Many varieties of corn are available commercially. Examples include: yellow dent corn, waxy corn, white corn, sweet corn, Indian corn, hy-lysine corn, blue corn, sweet corn, and open pollinated corn. Different varieties or hybrids of corn contain different kinds and concentrations of starches, proteins, fibers, and moisture. These differences contribute to the difference in texture, flavor, mouthfeel and other characteristics that are important to snack foods.
Generally, any variety of corn can be used as a raw material for making the corn snack food of the present invention. Field corn is preferred because of their availability, storability, low cost, high protein and fiber content and size of kernels. Since field corns can be dried and stored, they are available year-round. Because they can be inexpensively grown and harvested mechanically, the cost of corn is low. To the increasingly health-conscious public, the high protein and fiber content is an attractive attribute of many field corns.
Field corns are commonly grown in the field either for animal consumption or for further processing into industrial products or foods. Generally, these field corn varieties were not bred for making the corn snack foods containing whole kernels. Of course, it is possible to especially breed a corn hybrid that has the particular desirable characteristics suitable for making the corn snack food of the present invention. Conceivably, such a specially bred "snack food hybrid" would produce a corn snack food of even more superior quality than products made with existing field corn varieties.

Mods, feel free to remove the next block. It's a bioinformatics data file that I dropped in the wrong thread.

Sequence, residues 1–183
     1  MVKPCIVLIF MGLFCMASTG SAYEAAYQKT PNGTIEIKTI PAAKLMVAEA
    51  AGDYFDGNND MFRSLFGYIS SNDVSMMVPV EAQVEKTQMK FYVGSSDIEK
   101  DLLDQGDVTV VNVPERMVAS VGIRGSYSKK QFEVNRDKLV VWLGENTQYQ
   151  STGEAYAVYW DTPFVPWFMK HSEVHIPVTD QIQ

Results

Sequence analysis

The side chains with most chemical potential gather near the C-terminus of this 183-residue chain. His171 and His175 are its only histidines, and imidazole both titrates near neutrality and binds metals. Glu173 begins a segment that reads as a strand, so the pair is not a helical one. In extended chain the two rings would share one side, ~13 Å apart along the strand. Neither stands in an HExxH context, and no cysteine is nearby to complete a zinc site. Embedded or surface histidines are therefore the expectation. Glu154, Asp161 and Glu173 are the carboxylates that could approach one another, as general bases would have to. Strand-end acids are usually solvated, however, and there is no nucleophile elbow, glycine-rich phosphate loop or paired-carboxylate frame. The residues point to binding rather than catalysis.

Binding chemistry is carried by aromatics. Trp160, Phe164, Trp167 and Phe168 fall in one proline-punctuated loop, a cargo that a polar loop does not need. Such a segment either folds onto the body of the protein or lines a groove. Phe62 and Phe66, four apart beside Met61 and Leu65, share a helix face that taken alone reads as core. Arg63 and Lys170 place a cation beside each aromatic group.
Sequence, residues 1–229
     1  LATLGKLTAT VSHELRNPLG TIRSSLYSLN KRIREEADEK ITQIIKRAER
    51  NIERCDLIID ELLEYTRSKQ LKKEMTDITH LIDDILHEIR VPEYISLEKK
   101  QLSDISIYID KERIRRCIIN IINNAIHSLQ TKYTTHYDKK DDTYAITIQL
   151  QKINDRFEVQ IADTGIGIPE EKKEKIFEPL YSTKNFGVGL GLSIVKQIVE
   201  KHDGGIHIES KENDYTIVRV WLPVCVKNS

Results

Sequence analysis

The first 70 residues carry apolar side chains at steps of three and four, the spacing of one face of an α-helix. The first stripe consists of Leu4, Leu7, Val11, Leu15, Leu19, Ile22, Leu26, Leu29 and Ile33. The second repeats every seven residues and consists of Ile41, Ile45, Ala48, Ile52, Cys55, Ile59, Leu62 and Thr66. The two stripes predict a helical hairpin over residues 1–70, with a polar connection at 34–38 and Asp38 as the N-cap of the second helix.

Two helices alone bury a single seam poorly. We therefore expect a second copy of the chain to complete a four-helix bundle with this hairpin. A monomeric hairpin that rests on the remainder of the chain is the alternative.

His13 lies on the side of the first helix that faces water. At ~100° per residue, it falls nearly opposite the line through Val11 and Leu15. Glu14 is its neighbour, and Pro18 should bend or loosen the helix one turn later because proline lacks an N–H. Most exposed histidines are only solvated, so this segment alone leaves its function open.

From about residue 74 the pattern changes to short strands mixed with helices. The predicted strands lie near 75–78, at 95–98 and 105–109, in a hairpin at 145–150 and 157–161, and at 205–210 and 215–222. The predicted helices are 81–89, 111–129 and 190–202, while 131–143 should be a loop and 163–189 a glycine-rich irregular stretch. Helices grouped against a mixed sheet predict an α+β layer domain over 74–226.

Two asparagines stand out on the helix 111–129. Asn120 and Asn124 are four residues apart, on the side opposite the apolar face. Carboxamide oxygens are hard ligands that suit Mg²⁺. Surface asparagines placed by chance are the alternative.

There are many hybrid corn varieties available commercially in the market. Hybrids are produced by crossing two or more pedigrees (or parent stocks) that have traits desired for the resulting hybrid. For example, a parent stock may have a trait of drying down quickly in the field but produces ears near the ground while another parent stock has the trait of producing ears at the right height suitable for mechanical harvesting but does not dry down very quickly. A hybrid that has ears at the right height for mechanical harvesting and dries down quickly may be produced by crossing these two parent stocks.
Plant breeding techniques have been employed to develop corn varieties that have the desirable traits. Yellow dent corn hybrids are counterparts to waxy hybrids. Plant breeding techniques can be used to convert yellow dent hybrids to waxy hybrids. Nonlimiting examples of hybriding techniques include single crosses, two way crosses, three way crosses and open pollination.